Thank you to Famous Footwear for kindly sponsoring this post. This post also contains affiliate links, which help pay for the upkeep of this site. That being said, I will never, ever promote anything I am not 100% in love with!
I've never told my story publicly. It's hard for me to talk about things this personal. But when Famous Footwear asked me to be part of their #StepForward campaign I decided it was time. I hope that my story will show other women that there is always opportunity to change your path, no matter how old you are, how broke, or how scared.
Growing up with a single mom, and very little money, I watched her struggle to give my sister and I every opportunity — even if it meant paying for ballet class with handfuls of change, or hitchhiking to get into town when the car was broken down. Of course she never let us know how tight money was or how often she went without to provide for us.
I am so incredibly thankful for her, and the childhood I had. I was loved, and it made me independent, ambitious, and determined to make my own way in the world and always have enough money to support myself comfortably.
So I got myself to college, paying my way by working 40+ hours a week at a local supermarket while studying full-time, got good grades, took internships, and found myself a corporate job before I'd even graduated. I wasn't taking any chances.
For almost 17 years I worked my way up through corporate life at big defense contractors, management consulting and legal firms, then moved into consumer electronics and the tech industry. I saved, I went back to school and got my Masters while working full time, then another degree, then another. I never stopped learning, working, saving. There were jobs where I traveled for seven months of the year, jobs where I worked over 100 hours a week for months on end, and certainly times where I slept in the office when there were deadlines to be met. I shared houses with lots of other (sometimes horrible) people to keep my rent low so I could pay off all my school debts, I never bought anything I couldn't pay for in cash, and I started side hustles along the way. I did wedding photography on weekends, joined dance troupes and performed at events, and worked the 9pm to 4am shift at cocktail bars so I could still get up in time for my day job.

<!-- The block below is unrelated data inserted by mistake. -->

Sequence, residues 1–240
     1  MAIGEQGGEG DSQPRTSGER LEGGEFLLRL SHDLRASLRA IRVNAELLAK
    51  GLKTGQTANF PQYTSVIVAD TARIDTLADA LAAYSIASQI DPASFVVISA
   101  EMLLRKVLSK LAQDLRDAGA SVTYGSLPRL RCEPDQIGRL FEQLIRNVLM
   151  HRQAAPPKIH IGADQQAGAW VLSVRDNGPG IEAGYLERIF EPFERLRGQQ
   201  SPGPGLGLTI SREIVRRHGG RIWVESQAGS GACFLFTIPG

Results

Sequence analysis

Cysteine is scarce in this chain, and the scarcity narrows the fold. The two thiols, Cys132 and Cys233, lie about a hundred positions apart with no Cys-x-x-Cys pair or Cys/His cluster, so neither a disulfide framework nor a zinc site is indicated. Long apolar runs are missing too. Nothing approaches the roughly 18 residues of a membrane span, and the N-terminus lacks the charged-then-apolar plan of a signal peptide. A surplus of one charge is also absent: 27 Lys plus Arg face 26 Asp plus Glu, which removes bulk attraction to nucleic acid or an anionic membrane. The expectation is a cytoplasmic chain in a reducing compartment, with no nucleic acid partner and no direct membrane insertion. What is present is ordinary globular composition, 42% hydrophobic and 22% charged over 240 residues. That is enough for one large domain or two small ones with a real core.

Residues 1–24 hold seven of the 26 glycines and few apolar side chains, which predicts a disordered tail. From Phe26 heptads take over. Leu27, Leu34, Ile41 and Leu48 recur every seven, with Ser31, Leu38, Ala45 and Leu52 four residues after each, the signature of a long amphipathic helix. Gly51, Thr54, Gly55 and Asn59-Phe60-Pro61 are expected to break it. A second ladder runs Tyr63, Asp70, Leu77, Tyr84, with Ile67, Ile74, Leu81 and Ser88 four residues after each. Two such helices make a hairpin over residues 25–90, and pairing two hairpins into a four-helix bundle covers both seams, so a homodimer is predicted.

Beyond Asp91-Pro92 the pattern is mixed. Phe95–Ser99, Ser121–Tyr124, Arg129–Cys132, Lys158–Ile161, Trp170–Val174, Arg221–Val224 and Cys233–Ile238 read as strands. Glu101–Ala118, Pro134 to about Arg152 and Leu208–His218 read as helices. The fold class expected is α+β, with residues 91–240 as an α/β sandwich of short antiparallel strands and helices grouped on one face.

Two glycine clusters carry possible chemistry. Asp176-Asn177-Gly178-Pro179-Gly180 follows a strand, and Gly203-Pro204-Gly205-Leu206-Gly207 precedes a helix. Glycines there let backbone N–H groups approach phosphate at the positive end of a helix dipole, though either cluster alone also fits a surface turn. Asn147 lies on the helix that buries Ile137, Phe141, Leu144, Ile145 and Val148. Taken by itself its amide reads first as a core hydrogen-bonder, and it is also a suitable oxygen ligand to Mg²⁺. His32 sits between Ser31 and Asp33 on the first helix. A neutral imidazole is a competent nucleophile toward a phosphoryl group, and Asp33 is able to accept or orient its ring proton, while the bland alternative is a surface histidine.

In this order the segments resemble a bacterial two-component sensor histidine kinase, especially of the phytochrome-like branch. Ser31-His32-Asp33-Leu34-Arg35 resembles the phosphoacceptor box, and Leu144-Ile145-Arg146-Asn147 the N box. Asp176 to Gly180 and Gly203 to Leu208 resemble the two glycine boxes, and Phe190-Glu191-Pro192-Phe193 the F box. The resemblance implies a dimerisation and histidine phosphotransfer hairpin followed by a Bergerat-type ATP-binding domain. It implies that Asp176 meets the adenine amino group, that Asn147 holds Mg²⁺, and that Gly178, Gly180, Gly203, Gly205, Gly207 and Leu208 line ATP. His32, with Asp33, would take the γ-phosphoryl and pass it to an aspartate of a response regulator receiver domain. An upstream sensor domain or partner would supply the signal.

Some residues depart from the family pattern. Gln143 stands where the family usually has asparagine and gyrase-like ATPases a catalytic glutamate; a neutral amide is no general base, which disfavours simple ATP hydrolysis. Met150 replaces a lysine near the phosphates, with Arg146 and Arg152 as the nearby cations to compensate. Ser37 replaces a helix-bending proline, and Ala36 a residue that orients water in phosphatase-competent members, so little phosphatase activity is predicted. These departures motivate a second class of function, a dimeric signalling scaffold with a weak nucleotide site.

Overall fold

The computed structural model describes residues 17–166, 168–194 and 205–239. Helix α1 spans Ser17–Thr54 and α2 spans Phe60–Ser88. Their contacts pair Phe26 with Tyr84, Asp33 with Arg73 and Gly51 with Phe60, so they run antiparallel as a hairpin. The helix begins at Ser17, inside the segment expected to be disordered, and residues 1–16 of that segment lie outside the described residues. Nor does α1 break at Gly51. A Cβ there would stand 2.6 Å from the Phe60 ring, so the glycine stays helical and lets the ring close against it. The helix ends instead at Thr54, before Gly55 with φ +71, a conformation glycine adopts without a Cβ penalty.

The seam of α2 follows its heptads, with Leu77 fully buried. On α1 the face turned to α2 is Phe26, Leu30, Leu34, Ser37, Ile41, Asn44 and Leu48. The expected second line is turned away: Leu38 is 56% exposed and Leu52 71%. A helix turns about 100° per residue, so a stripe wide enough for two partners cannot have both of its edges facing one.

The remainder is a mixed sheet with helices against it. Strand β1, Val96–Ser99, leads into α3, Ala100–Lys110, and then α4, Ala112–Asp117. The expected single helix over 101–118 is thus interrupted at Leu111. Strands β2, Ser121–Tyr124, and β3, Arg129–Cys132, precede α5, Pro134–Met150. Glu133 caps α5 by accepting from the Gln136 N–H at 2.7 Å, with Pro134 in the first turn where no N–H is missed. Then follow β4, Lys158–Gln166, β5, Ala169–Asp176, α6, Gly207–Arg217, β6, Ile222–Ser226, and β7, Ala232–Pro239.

In my mid thirties I'd consider myself pretty successful, and say 'I'd made it'. I was running a department for a billion dollar consumer brand, and killing it. I was married to the love of my life, living in a big house, driving a BMW, and had no debt. But something had started to change, and I wasn't really very happy.
I'd only begun exploring my creativity a couple of years before, and I was finding more and more joy not only in painting and illustrating but in being a part of the creative community. I found myself getting an almost physical itch if I hadn't had time to make anything in a few days, and the achievements in my corporate life seemed less and less important to me. I daydreamed about being an artist and illustrator full time, but something inside screamed at me that I had to earn lots of money or I'd find myself back in my childhood, scrounging for change in the back of the sofa. I was too scared to take my dream seriously.
Then our lives changed overnight. The company that both my husband and I worked for (and had just been promoted at) downsized in a big, and very unexpected way. The whole executive team was gone in one hit, almost everyone at a Director level and above was marched out without any notice, hand-over, or chance to say good-bye. Our whole world was turned upside down in a day. We went from having VERY good salaries to being a zero-income family.
My husband, who was on a work visa, sponsored by the company, had to go back to Australia immediately, while I stayed behind wondering how to sell everything we owned, the house we'd just bought, our cars, to pack up our lives and go back to Australia. We'd moved countries for this company, we'd given up our lives, friends, family, and worked tirelessly for them for years. I just kept thinking, how could they do this to us?